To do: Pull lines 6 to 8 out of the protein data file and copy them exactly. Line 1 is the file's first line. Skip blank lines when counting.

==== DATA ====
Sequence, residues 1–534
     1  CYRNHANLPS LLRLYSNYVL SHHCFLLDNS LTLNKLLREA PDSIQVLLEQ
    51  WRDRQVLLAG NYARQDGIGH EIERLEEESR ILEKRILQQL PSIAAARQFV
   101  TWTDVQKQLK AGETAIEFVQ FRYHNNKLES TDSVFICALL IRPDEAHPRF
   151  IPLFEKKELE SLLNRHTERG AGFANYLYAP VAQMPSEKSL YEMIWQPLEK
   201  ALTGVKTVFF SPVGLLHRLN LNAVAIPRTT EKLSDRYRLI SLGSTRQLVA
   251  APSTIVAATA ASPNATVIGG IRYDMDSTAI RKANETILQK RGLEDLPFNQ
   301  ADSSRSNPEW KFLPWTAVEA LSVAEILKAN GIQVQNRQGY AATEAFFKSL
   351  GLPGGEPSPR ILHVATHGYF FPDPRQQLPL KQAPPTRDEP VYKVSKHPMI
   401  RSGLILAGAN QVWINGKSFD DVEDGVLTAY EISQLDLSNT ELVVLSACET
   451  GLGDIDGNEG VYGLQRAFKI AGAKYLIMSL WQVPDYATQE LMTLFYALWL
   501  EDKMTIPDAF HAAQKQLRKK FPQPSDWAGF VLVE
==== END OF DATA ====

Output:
   201  ALTGVKTVFF SPVGLLHRLN LNAVAIPRTT EKLSDRYRLI SLGSTRQLVA
   251  APSTIVAATA ASPNATVIGG IRYDMDSTAI RKANETILQK RGLEDLPFNQ
   301  ADSSRSNPEW KFLPWTAVEA LSVAEILKAN GIQVQNRQGY AATEAFFKSL